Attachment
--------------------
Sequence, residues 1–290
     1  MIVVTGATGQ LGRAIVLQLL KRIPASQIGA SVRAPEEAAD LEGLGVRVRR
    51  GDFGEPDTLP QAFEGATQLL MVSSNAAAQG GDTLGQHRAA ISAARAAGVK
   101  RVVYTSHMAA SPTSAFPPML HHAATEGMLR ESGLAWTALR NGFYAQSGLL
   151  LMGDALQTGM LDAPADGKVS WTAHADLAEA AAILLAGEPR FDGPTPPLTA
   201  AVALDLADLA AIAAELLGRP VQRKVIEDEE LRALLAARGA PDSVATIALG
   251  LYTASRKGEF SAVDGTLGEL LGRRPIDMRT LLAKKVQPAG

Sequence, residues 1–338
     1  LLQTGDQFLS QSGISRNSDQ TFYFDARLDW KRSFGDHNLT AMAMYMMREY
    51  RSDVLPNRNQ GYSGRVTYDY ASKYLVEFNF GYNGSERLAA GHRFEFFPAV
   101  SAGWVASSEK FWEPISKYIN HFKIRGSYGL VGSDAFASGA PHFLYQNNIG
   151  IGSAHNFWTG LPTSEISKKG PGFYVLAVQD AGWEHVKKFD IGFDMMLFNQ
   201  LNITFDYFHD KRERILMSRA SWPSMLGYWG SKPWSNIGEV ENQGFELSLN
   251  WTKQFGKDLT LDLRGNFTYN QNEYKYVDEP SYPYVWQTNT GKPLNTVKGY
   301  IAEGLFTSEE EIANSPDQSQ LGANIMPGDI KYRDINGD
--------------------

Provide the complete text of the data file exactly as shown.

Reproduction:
Sequence, residues 1–290
     1  MIVVTGATGQ LGRAIVLQLL KRIPASQIGA SVRAPEEAAD LEGLGVRVRR
    51  GDFGEPDTLP QAFEGATQLL MVSSNAAAQG GDTLGQHRAA ISAARAAGVK
   101  RVVYTSHMAA SPTSAFPPML HHAATEGMLR ESGLAWTALR NGFYAQSGLL
   151  LMGDALQTGM LDAPADGKVS WTAHADLAEA AAILLAGEPR FDGPTPPLTA
   201  AVALDLADLA AIAAELLGRP VQRKVIEDEE LRALLAARGA PDSVATIALG
   251  LYTASRKGEF SAVDGTLGEL LGRRPIDMRT LLAKKVQPAG

Sequence, residues 1–338
     1  LLQTGDQFLS QSGISRNSDQ TFYFDARLDW KRSFGDHNLT AMAMYMMREY
    51  RSDVLPNRNQ GYSGRVTYDY ASKYLVEFNF GYNGSERLAA GHRFEFFPAV
   101  SAGWVASSEK FWEPISKYIN HFKIRGSYGL VGSDAFASGA PHFLYQNNIG
   151  IGSAHNFWTG LPTSEISKKG PGFYVLAVQD AGWEHVKKFD IGFDMMLFNQ
   201  LNITFDYFHD KRERILMSRA SWPSMLGYWG SKPWSNIGEV ENQGFELSLN
   251  WTKQFGKDLT LDLRGNFTYN QNEYKYVDEP SYPYVWQTNT GKPLNTVKGY
   301  IAEGLFTSEE EIANSPDQSQ LGANIMPGDI KYRDINGD